Tweet-a-Sound Ticks All The Boxes

If you love electronic music, Twitter and OS X, you need to download Tweet-a-Sound immediately. It’s a MAX/MSP-based synthesizer for OS X that’s tricked out to tweet! It’s a not sonic Twitpic, either. Rather than simply turn your creation into an audio file and linking to it, it sends it as text. If someone wants to hear the sound you’ve made, all they have to do is copy it from their web browser or Twitter client and paste it into Tweet-a-Sound. The application uses this long and rather cryptic string of numbers to set the appropriate parameters on the synth and play it.

You can produce sounds that last anywhere from 0.1 seconds all the way to a full minute. When you’re finished fiddling with frequencies and your waveform is ready for transmission, you can either send the tweet straight from Tweet-a-Sound or copy it and paste it into the Twitter client of your choice. Messages are prepended with #tas so that other synth geeks can find your work easily with a simple search.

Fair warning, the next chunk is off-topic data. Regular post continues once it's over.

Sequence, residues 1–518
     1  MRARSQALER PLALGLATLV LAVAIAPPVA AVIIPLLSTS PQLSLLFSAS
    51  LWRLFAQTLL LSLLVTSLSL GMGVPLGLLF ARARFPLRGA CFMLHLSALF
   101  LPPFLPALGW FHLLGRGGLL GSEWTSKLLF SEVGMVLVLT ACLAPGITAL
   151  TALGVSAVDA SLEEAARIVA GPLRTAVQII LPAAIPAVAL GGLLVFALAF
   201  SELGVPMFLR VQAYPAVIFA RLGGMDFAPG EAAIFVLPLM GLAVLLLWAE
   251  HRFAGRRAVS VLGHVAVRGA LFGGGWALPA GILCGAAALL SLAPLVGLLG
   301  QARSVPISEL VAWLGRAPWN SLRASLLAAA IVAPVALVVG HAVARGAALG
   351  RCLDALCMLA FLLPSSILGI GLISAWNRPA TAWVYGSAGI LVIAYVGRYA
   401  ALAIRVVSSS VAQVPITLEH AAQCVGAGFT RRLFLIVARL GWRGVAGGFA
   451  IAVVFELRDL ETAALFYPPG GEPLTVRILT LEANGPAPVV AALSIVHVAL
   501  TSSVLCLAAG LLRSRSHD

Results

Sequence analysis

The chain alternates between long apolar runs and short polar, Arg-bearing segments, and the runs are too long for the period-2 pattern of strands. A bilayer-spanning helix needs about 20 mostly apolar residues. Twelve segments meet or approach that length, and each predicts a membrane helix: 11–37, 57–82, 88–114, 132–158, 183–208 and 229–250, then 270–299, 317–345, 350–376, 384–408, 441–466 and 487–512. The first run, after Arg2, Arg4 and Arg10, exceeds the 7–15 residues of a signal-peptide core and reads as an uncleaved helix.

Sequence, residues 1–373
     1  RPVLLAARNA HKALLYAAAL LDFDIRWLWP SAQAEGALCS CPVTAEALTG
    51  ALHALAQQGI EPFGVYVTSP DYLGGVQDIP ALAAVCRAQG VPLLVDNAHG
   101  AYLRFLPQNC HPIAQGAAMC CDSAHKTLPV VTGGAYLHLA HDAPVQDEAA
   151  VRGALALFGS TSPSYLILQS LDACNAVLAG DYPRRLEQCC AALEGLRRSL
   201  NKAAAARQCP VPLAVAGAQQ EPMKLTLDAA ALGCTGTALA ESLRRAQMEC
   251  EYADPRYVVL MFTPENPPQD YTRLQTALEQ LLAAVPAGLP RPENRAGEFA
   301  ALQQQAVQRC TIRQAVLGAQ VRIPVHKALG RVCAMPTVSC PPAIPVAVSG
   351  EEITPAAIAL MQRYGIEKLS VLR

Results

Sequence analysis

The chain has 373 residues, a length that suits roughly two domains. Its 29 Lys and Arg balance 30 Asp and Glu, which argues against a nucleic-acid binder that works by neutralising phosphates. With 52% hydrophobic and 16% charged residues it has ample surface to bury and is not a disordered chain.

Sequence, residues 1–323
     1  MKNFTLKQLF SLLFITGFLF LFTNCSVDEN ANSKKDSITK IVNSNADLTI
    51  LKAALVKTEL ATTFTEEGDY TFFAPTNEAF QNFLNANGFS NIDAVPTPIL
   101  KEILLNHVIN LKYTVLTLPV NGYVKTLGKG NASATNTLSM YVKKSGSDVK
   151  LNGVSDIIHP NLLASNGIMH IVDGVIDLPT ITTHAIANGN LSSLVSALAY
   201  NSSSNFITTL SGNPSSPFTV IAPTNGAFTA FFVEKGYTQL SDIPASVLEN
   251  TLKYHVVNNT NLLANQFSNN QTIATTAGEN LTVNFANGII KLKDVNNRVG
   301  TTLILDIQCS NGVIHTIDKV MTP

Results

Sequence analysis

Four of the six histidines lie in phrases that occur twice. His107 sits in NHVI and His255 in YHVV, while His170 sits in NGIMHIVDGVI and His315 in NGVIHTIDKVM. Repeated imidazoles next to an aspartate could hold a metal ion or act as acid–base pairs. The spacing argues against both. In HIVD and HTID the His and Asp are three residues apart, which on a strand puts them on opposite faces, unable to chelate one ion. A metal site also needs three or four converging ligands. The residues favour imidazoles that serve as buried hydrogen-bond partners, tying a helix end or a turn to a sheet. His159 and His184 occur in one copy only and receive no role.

I made a few sounds with it, the source of which you can also find with a Twitter search. I’ve also made mp3s of two of them if you’d just rather listen here.

The first sound is exactly how Tweet-a-Sound plays it, I only boosted the volume slightly in post-production.

Forecast For You From 127a [audio:forecast127a.mp3|titles=Forecast For You From 127a|artists=Dave Knapik]

For this next one, instead of making the sound and then playing it back once to record the direct output, I used Tweet-a-Sound to restart its playback periodically. I also changed parameters on the synth whilst it was playing. This audio file cannot be expressed in a tweet, of course, as only its initial settings can, but it shows that you can use the application for more than its main intended purpose.

The Dragon Kills St. George [audio:theDragonKillsStGeorge.mp3|titles=The Dragon Kills St. George|artists=Dave Knapik]